Views:13 Author:Jeremy Wang Publish Time: 2019-07-31 Origin:Site
Polarized lenses have become popular. If you spend a lot of time on the road, on the golf course, on the water or in the mountains, polarized lenses are a good investment. They reduce harmful (and annoying) glare on reflective surfaces like pavement and water, making objects appear clearer—like a golf ball, highway lines or a trail deep in the woods. Not only is glare a nuisance, it impairs depth perception, distorts your view and colors, and can cause temporarily blindness, so the extra cost is worth it for many—especially athletes. Even if you’re not an athlete, we’ve all gotten the sun in our eyes while driving and it can be scary.
Non-polarized sunglasses only reduce the amount of light that comes through the lenses, so you still get glare. Dark tinted glasses block more light than regular sunglasses but they still don’t eliminate harsh glare as do polarized lenses. Also, if you do opt for dark lenses over polarized, make sure that they provide UV protection. Dark lenses without UV protection are actually worse for your eyes than not wearing sunglasses at all because they can cause your pupils to dilate, which allow more UV rays to enter the inner part of your eyes.While polarized lenses are widely used by fisherman and other athletes, wearing polarized glasses in certain conditions, such as downhill skiing or driving in winter weather conditions, could be dangerous. Some experts say that polarization may reduce your ability to distinguish between regular snow and dangerous conditions such as ice.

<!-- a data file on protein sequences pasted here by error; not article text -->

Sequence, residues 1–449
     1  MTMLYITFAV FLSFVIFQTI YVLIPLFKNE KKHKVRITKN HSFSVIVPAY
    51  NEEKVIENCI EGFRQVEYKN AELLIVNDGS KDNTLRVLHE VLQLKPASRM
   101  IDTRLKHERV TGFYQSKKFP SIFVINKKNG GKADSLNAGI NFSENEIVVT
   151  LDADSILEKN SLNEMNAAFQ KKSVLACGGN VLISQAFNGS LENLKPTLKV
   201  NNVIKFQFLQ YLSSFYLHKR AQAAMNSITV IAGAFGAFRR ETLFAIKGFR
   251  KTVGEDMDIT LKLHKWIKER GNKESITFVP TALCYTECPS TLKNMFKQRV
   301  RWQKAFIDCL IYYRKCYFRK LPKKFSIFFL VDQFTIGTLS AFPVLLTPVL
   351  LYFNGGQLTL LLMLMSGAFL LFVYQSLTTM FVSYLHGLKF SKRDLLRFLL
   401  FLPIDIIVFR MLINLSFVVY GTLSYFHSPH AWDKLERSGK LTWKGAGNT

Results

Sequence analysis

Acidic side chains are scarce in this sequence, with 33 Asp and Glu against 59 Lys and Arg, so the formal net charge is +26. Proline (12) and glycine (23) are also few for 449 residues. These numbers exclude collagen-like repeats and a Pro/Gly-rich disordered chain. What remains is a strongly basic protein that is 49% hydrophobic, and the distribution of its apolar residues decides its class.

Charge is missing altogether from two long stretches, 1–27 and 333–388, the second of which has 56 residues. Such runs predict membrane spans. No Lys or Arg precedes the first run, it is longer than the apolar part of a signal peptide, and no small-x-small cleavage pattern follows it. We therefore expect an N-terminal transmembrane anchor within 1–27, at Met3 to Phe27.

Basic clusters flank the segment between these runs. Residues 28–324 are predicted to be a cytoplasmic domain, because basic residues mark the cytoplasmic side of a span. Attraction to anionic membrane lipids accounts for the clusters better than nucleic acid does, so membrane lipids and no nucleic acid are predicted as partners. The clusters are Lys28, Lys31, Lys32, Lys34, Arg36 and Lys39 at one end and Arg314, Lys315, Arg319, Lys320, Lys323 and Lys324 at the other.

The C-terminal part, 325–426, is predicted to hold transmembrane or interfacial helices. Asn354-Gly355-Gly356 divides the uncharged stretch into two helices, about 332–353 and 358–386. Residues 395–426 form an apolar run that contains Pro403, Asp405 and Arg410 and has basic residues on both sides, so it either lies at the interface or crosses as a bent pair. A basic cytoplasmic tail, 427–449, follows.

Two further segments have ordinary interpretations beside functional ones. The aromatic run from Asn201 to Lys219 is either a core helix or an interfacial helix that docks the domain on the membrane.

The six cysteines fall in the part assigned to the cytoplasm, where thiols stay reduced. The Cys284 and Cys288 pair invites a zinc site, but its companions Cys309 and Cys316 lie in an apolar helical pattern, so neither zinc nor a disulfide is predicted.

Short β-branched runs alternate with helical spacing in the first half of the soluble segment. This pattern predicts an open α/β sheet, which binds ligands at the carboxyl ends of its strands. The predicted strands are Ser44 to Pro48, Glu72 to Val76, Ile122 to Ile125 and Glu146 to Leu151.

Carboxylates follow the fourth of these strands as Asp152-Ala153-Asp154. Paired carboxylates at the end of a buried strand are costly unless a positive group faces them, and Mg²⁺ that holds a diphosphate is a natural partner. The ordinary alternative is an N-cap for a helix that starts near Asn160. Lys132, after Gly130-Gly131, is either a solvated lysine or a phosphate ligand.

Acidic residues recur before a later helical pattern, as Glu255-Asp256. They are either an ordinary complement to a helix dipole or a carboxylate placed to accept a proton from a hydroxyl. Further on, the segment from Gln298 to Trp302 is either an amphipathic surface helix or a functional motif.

Types of Polarized Lenses
Wondering why some polarized sunglasses cost more than others? Other than paying for brand name and craftsmanship, there are two types of polarized lenses–0.75 mm and 1.1 mm. The 0.75 mm lenses work great for casual sports and everyday wear, when resistance to breakage isn’t a big concern. The thicker lenses provide enhanced glare reduction and higher polarization, justifying the higher price tag.